What are the opportunities that you see in the adventure travel space?

We haven’t even scraped the tip of adventure travel opportunities available in India. With the coastline we have, the river bodies running through the entire length and breadth of the country and the beautiful mountain ranges in the north and south, the national parks we have in the country we can in the next 10 years be the top destination for Adventure Tourism. It is an achievable target if we work with a long-term approach and realise the potential of this market.

Adventure tourism is a space that needs to be looked upon in more depth as it does not only contribute to the overall growth of the industry but ensures the ecology, mountains and the forests are safe. We can also see a dearth in domestic players in the adventure equipment manufacturing sector that is giving an open field to many foreign brands to become a household name. This shows the immense potential of the adventure sector and its various subsidiaries have.

Are Indian operators geared up to address the demands of the new age adventure travel community?

There are many Indian operators who are very well equipped and are efficiently handling the demand of the new age adventure travel community.  There is excitement and eagerness to grow further and contribute positively to the adventure community. However, a majority portion of the fraternity seems to have underestimated and unexplored the industry's potential. While the resources needed to successfully operate the sector are in abundance, those in control must network and work with a common goal. The right set of collaborations between various stakeholders will prove fruitful for the entire adventure ecosystem.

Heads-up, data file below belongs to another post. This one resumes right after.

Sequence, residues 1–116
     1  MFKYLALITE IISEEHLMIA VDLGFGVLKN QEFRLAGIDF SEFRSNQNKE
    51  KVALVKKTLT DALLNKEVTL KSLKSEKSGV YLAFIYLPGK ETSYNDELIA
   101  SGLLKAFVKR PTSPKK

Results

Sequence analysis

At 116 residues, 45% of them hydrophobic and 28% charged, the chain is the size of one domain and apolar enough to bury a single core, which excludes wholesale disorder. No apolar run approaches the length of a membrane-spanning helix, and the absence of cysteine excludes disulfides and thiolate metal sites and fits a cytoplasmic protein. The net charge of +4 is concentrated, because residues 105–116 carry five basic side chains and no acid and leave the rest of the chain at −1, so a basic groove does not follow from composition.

You have completed one year in this space? What are your thoughts on the industry?

Trip 360 was started with the intention to create safe, sustainable and social experiences for travellers across the world. During the last one year, we have materialized some wonderful journeys to far out places like the South Pole and Mt Vinson Massif and taken our travellers to climb the remote mountain in Papua and brought them back safe. We have tried to keep the spirit of adventure alive and up the game at every given opportunity. Our travellers have cherished every bit of experience we’ve offered them. We have consistently introspected and kept innovating to ensure a greater contentment of our customers - whether it's cycling from Mumbai to Goa or walking the Indus Frozen River in Winter Ladakh.

We need to educate our clients about all things adventure so people don't get drawn with wrong ideas. I feel the adventure industry in India both from its stakeholder's perspective and from the client's perspective is going through a shift and it's very important that at this learning stage we make the right decisions.